New Youth Group Underscores Urgency in Bridging Gaps in Agri-fishery

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Agriculture Students Association of the Philippines

The executive board of the Agriculture Students Association of the Philippines marks the launch of the organization on March 3. (photo by ASAP)

DILIMAN, Quezon City—More young Filipinos are joining the efforts to rebrand the agriculture and fisheries sector.

On March 3, the Agriculture Students Association of the Philippines (ASAP) announced its official launch “to advance the agricultural sector of the Philippines by educating, empowering, and engaging the youth.” 

ASAP is a youth organization that aims to provide a virtual platform for discussion by inviting stakeholders all over the country to share their experiences in agriculture—amplifying the message that supporting this sector is key to recovery.

One of the largest coalitions of agriculture students and youth advocates in the Philippines, ASAP formally started in August 2020 in the midst of the pandemic. 

“The average age of a Filipino farmer is around 57 years old. Most are not keen on letting their children follow in their footsteps as they don’t feel that farming will provide for a good future because of the lack of support in the agricultural sector,” ASAP president Paolo Nicomedes said.

“It’s our mission to re-educate the farmers about the lucrative aspect of farming by educating them about modern methods, machineries, and financial aid to uplift their way of life in recognition of their feeding the populace and contribution to the nation's economy,” he added.

ASAP aims to be the leading association to create a network of agriculture advocates and take the role of instilling the importance of agriculture to the youth, hence, ASAP—suggesting immediate attention. Through various social media platforms, the group aims to bring agriculture to the youth and make information on agriculture more accessible as they engage in conversations about matters in this sector.

“In this pandemic, we can see more clearly how important agriculture is. If there are no farmers and fisherfolk, we all go hungry,” ASAP co-founder and advisor Peter Olivar said.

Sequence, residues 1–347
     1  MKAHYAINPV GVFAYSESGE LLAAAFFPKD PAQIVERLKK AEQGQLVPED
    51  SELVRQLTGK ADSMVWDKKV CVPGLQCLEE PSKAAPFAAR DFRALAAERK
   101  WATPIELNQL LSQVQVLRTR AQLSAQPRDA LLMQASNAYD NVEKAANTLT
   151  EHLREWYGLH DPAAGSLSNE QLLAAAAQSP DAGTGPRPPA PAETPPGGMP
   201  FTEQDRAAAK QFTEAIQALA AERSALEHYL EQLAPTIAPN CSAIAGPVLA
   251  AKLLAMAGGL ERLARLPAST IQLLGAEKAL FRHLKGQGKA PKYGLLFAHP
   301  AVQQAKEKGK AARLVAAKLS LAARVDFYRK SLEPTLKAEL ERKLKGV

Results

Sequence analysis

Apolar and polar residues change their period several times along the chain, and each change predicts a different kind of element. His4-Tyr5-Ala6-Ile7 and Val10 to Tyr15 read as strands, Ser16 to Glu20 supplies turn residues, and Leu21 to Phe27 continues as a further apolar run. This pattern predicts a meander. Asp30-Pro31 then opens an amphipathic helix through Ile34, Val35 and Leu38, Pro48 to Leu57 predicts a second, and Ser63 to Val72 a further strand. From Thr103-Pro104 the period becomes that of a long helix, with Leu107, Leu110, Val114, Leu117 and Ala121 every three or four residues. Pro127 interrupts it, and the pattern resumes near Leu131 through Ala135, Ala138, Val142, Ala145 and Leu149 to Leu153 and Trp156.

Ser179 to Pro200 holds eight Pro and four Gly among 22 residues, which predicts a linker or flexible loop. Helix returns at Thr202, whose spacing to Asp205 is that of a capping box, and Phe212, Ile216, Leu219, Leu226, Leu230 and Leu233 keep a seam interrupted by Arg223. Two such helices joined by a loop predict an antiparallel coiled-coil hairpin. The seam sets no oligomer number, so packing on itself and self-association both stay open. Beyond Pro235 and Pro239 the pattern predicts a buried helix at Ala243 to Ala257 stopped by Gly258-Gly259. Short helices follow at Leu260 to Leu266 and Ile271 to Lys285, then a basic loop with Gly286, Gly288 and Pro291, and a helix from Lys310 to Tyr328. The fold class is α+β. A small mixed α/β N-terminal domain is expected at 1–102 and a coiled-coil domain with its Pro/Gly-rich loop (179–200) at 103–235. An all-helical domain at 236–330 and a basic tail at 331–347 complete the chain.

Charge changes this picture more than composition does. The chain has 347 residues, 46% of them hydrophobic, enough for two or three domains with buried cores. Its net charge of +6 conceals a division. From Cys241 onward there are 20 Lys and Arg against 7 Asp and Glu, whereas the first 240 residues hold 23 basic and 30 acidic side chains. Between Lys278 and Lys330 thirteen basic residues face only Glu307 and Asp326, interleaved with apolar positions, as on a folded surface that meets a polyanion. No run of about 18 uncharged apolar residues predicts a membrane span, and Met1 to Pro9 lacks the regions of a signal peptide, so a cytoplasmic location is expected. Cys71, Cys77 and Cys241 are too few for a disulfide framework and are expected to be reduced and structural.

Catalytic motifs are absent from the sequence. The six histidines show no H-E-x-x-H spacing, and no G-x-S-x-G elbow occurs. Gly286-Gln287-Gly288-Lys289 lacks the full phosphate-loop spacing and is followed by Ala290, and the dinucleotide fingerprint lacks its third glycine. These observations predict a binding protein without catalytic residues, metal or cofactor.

From its 10 core members, ASAP has grown to 256 partner organizations across Luzon, Visayas, and Mindanao in just half a year.

“We wanted to be the bridge for agri students all over the country –to connect them with passionate leaders and inspire one another. The short-term goal is to establish a platform for the youth to prepare them to take on challenges and create innovative solutions of the agricultural sector,” Louise Zarcal, ASAP vice-president for internal affairs and co-founder, said. 

As young people are seen as the key driver in boosting the agriculture sector, the Department of Agriculture (DA) and its training and advisory arm, the Agricultural Training Institute (ATI), continue to support and undertake programs and services for the youth.

These include the “Mentoring and Attracting Youth in Agribusiness” program which has reached more than 3,000 applications as of February this year. Also in full swing are the “Kapital Access for Young Agripreneurs” that offers non-collateral loan and the Go Negosyo partnership for “Kapatid Agri Mentor Me Program”, a face-to-face mentorship via teleconference of prospective agripreneurs, including the youth.

Meanwhile, ATI-led initiatives such as the “Educational Assistance for the Youth: Degree Courses in Agriculture and Agricultural Biosystems Engineering” (EAsY Agri) and the Digital Farmers Program (DFP) have also been successfully rolled out. EasY Agri aims to encourage and provide opportunities for young people, particularly children of smallholder farmers and fishers, to pursue degree courses related to agriculture.

The DFP, on the other hand, is spearheaded in partnership with Smart Communications, Inc. that aims to bridge the digital divide and generation gap among agricultural stakeholders. It serves as an avenue to invest on the youth's technology capabilities to empower and engage senior farmers in the digital space, while also introducing the sector as a field with vibrant opportunities for the youth.

“We need young blood in agriculture. They have the defining attributes when it comes to utilizing modern agriculture. They are well connected through electronic devices that can help modernize farming and fishing activities,” Agriculture Secretary William Dar had said as he advocated for the involvement of the youth in the agri-fishery sector. 

Other programs implemented by the ATI are the exchange programs with Japan and Taiwan known as the “Young Filipino Farm Leaders’ Training Program in Japan” and the “Filipino Young Farmers Internship Program in Taiwan”, respectively. (with reports from the Agriculture Students Association of the Philippines)

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